Tim Smith and Nick Gibbons, partners in the technology, media and telecommunications team at legal firm BLM LLP, take a look at the latest cyber threats to SMEs and ways to help minimise the risk.

It’s late on a Friday and a supplier calls/emails your business to tell you they’ve changed their banking details. The invoice is paid according to the new banking details. A week later, the supplier calls to say they still haven’t received their money. What’s happened? After an investigation, it turns out the first contact from the supplier was actually a scam by a phisher who appears to know a great deal about you and/or the person they are purporting to be – probably from looking at social media and the two organisations’ websites. This type of deception – sometimes known as the CEO fraud – is an increasing problem for small businesses duped into paying legitimate invoices but to the wrong people.

Whether it’s a systems hack resulting in a loss of confidential data, a website disabled, or a virus laden email attachment that once clicked renders a computer system inoperable, there is a whole list of vulnerabilities these days.

Increased reliance on IT equals increased risk

Of course, in the last few years, SMEs have also become even more reliant on their IT systems so small businesses are more vulnerable both because they have more IT kit to protect and because there are more people trying to disrupt, or cause damage to that kit maliciously. And not forgetting basic human error. An HIV clinic in London was fined last year by the Information Commissioner’s Office for sending an email newsletter and cc’ing rather than bcc’ing all the recipients (making them visible to all). And it seems that when employees leave a job in acrimonious circumstances, instead of punching the boss, they’re just as likely to download a company’s sensitive data and release it (the supermarket Morrisons being a high profile casualty of this particular vengeful attack).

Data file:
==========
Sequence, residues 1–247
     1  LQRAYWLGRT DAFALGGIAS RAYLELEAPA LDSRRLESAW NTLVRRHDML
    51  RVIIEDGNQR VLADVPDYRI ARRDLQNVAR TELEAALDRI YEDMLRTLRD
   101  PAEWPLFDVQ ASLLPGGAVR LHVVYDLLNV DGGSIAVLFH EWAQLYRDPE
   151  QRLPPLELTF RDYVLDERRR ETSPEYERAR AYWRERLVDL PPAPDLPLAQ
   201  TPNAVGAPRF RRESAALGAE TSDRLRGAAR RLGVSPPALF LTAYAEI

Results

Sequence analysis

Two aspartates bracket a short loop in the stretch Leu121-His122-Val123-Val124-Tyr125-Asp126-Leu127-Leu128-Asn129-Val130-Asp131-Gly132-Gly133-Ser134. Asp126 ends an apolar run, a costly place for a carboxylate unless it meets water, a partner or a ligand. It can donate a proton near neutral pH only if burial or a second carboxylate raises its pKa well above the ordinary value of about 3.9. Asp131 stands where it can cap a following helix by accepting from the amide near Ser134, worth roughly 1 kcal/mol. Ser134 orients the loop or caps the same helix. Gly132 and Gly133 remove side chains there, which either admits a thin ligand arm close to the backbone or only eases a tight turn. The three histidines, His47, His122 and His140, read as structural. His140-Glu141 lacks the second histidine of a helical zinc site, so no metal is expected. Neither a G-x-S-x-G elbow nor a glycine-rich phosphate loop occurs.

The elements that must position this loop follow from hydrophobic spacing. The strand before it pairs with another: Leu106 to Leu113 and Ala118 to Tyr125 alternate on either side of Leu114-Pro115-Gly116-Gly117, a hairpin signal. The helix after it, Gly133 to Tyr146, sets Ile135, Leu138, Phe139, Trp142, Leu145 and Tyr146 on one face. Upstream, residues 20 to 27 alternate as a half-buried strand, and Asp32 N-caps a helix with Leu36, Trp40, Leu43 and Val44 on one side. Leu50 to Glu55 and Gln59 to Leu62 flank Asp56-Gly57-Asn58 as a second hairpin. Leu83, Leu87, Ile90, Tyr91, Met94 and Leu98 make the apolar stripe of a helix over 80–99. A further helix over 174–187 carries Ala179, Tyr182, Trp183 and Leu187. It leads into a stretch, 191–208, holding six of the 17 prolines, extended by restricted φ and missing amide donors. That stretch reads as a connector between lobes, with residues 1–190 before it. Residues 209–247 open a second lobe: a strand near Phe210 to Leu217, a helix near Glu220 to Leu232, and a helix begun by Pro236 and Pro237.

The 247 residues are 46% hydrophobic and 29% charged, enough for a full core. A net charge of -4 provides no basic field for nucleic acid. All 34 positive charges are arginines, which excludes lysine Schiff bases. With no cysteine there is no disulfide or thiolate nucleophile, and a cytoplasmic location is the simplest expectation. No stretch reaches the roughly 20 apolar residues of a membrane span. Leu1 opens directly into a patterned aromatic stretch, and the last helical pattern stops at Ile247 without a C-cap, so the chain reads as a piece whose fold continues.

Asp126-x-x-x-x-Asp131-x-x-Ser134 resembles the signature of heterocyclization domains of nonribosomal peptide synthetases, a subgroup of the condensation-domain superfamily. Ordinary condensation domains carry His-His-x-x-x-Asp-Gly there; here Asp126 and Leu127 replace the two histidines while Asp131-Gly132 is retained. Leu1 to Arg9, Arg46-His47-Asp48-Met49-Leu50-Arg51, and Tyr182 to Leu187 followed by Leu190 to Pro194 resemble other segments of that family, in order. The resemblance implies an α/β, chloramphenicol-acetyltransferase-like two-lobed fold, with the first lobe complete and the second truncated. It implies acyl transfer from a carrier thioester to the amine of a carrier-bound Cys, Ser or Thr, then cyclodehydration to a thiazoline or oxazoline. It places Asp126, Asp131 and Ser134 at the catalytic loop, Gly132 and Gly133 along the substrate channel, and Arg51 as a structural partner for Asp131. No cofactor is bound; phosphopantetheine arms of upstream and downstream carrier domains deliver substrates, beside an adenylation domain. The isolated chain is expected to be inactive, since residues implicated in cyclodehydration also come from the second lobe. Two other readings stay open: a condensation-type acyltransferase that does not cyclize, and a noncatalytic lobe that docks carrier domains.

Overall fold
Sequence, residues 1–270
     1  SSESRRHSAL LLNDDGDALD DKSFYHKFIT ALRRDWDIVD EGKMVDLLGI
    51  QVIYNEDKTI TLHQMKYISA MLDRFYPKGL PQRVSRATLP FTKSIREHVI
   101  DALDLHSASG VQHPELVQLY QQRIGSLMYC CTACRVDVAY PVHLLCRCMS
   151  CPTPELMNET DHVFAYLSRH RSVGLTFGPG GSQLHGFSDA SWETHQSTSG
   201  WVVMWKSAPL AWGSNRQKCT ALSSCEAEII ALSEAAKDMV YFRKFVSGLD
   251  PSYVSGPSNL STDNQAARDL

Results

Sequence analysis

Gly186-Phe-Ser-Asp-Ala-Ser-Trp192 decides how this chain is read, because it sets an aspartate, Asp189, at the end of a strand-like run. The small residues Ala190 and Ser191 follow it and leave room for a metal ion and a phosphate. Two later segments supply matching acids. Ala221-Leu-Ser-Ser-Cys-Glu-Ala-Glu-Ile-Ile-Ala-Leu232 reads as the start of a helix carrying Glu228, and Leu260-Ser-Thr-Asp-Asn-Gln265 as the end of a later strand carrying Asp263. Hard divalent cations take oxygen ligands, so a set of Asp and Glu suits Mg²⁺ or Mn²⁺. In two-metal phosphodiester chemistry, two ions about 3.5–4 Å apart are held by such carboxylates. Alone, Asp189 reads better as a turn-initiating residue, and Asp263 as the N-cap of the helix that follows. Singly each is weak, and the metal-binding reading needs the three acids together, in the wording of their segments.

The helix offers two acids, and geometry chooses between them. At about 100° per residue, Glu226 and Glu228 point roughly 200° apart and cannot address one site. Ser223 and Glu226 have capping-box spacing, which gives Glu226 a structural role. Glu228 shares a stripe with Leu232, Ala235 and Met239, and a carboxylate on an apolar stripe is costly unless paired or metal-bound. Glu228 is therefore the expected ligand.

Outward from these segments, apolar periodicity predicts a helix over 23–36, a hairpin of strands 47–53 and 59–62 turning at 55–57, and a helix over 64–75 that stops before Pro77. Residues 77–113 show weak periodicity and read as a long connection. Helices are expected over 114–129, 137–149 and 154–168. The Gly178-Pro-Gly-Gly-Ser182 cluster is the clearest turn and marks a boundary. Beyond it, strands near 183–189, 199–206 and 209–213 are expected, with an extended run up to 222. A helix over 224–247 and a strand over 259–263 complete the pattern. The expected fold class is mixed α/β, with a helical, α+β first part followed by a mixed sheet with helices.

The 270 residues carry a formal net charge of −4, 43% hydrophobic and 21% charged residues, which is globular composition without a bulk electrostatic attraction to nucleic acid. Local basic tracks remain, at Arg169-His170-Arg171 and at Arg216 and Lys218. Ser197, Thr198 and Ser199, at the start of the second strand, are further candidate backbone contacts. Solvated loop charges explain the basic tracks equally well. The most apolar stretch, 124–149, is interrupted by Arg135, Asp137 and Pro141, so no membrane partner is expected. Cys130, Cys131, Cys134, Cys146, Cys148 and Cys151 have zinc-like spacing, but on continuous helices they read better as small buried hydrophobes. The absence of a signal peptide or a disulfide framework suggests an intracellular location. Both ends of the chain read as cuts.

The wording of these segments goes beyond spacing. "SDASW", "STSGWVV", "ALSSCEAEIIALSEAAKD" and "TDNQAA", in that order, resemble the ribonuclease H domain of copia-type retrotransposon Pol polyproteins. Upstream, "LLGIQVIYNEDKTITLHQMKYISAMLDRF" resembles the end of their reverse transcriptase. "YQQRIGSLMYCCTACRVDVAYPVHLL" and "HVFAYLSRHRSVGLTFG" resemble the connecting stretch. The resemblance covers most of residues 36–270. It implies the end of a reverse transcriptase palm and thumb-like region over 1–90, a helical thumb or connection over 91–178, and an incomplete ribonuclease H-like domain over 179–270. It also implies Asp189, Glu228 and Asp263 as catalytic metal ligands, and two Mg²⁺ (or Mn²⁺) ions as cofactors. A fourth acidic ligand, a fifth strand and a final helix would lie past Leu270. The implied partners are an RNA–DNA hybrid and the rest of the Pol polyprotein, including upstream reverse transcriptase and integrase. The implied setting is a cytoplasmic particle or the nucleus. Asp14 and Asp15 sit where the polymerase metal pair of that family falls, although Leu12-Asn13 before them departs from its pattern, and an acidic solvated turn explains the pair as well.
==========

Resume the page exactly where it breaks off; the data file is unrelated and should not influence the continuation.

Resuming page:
Part of the problem for SMEs is they are increasingly becoming a target because bigger companies have more resources to protect themselves from cyber risk, forcing hackers to focus on their supply chain vulnerabilities. A lot of the big breaches – US retailer Target being a classic example – are where hackers have got in through a supplier’s vulnerability. Bigger companies now see their suppliers as part of their IT security perimeter and are beginning to insist on those suppliers having proper IT security in place. It could affect the competitiveness of some smaller businesses if they haven’t got the right policies and safeguards in place.

Get prickly

Unfortunately you can’t make yourself invincible when it comes to cyber risk but you can make your business more ‘prickly’ and a less attractive target for the bad guys. Think of the approach being very similar to having a burglar alarm on your house, a ‘beware of the dog’ sign, secure doors and windows, and CCTV – basic precautions that can make your business less vulnerable to an attack. The bad guys are generally opportunists looking for ‘open window’ targets. If you can secure those open windows and make yourself less attractive as a target, it can make the difference.